By 2050, the number of people aged sixty years and older with schizophrenia is expected to double and affect about 10 million people worldwide. Psychoses are among the most common experiences in later life, with a lifetime risk of 23 percent. As a result, there is a looming crisis in mental health care. Schizophrenia and Psychoses in Later Life is the first major multidisciplinary reference on these important disorders. The book provides guidelines for clinical care, research and policy that are consistent with the emerging paradigmatic changes occurring with respect to schizophrenia in later life. This book features multidisciplinary contributions from experts in the fields of biological psychiatry, social psychiatry, sociology, anthropology, social work, psychology, and neuropsychology that will help professionals to integrate services and attain the best outcomes. The text will guide psychiatrists, psychologists, gerontologists, policymakers, and social scientists in creating innovative new programs to help this underserved and growing population.
This text focuses on the under-recognized and undertreated problem of addiction in later life. The widespread lack of clinical knowledge about this patient population can be traced to several sources: the systematic exclusion of older individuals from clinical trials; their reluctance to seek medical help owing to stigma and shame; the fact that additive disorders may be disguised by concurrent medical conditions; a lack of screening instruments tailored to an older population; and the low sensitivity of standard diagnostic criteria for detecting addiction in middle-aged and elderly adults who do not display the occupational and legal "red flags" seen in younger individuals. This volume provides the reader with a clear sense of the surprisingly high prevalence of alcohol and substance use disorders in older adults. For each of the major classes of addictive substances, both prescribed and illicit, this book highlights the key clinical issues that can complicate successful diagnosis. The authors describe strategies for initial engagement with the patient, including screening instruments, brief interventions which can be adapted to a primary care setting, emerging web-based and mobile technologies, and treatment strategies which are tailored to the age-appropriate needs of older adults, including older women - who have been found to be especially vulnerable to prescription drug misuse. With the aging of the baby boomers, a generation arriving in middle-age with greater exposure to alcohol and drugs than any previous cohort, the need for successful identification and effective treatment of alcohol and substance use disorders in later life has become a clinical imperative. Addiction in the Older Patient, whose editors bring more than 40 years of combined research and clinical experience in the field of addiction treatment, offers a comprehensive introduction to this underexplored and timely topic. This text synthesizes current clinical evidence to support the most effective strategies for discovering and treating addictive disorders in our older patients.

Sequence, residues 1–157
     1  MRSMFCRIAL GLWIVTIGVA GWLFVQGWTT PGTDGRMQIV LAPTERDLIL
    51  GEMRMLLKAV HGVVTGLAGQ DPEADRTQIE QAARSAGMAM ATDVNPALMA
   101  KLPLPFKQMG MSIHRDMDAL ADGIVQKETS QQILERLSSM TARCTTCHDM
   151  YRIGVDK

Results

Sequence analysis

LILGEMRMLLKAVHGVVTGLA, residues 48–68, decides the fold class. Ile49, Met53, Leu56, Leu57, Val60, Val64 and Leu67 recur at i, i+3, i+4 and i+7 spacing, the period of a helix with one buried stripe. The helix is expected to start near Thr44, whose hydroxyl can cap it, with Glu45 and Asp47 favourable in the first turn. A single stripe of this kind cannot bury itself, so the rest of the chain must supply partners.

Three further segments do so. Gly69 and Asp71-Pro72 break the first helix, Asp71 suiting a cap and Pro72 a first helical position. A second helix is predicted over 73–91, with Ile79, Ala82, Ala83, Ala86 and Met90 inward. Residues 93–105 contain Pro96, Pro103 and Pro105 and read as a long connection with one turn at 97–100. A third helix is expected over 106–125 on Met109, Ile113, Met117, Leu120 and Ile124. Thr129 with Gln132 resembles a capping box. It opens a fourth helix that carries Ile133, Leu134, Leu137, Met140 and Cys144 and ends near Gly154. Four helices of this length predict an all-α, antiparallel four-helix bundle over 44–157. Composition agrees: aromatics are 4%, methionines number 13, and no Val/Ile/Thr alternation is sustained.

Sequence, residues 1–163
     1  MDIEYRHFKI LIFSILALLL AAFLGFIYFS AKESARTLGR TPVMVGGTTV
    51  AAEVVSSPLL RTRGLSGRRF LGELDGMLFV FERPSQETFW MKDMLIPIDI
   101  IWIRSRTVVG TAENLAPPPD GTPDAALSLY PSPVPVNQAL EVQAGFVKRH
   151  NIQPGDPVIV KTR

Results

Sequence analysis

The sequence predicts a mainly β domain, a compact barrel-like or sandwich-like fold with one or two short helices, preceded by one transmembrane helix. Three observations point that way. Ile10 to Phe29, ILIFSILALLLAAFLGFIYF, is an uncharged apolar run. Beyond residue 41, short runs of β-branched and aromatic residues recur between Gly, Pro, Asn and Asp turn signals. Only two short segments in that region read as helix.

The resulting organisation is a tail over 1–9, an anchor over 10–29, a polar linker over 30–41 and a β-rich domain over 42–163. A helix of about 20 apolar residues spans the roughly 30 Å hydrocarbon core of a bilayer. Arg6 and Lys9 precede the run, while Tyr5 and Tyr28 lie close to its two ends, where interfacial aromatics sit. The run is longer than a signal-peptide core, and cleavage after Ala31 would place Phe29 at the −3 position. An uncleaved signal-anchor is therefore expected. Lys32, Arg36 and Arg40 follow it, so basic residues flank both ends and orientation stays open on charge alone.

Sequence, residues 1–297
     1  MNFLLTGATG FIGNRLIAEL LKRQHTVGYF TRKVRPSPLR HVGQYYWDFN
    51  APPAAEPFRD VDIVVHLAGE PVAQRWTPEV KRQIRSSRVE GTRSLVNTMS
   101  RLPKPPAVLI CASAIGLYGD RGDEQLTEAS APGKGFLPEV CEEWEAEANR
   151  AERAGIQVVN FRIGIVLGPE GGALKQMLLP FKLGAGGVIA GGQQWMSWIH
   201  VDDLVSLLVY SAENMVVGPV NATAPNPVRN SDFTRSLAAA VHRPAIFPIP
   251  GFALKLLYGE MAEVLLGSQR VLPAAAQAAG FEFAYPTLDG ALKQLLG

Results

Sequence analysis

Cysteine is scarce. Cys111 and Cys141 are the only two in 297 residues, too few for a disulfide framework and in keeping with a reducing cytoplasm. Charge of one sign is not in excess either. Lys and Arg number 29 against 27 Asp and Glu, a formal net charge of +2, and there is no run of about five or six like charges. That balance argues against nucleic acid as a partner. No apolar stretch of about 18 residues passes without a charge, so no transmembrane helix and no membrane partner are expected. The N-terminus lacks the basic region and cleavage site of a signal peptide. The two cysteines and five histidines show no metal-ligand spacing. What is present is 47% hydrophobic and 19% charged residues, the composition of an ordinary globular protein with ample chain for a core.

Geriatric Medicine at a Glance logically presents the core principles of geriatric medicine, including mechanisms of ageing, changes in physiology commonly seen in older adults, and the clinical management and treatment of the key medical presentations affecting older patients. It provides a thorough overview of the essential required core knowledge, mapped to the British Geriatrics Society undergraduate curriculum on ageing. Geriatric Medicine at a Glance: - Is fully aligned with the newly developed British Geriatric Society curriculum on ageing for undergraduate medical students - Explains the relevant concepts associated with ageing in addition to the common medical presentations seen in older adults - Includes the perspective of nurses and other allied health professionals - Features 'best of five' MCQ self-assessment questions Geriatric Medicine at a Glance will help address the uncertainty often experienced by medical students and junior doctors when dealing with older patients.
This volume provides a comprehensive and multi-disciplinary overview of the aging lung, written by the main researchers in the field. Current physiological, cellular and molecular understanding of how the lungs age and the relationship to age-associated lung diseases will be presented. The contents are aimed at a broad audience of scientists and clinicians with an interest in the respiratory system, pathogenesis of age-associated lung diseases and clinical implications.
This practical book provides up-to-date information on the particular features of ovarian cancer in older women and the best management approach. The full range of relevant topics is covered. Guidance is provided on geriatric assessment, screening, pathology, diagnosis, and follow-up. The various treatment options are carefully explained, covering surgical approaches, chemotherapy as a first-line strategy, the use of anti-angiogenic agents, and treatment of relapse. The cognitive problems that may arise in elderly women during and after treatment of ovarian cancer are documented, with advice on response. Guidance is also provided on the design of clinical trials, and current directions in biological research are reviewed. This book will be of value to both practitioners and researchers with an interest in ovarian cancer and the elderly.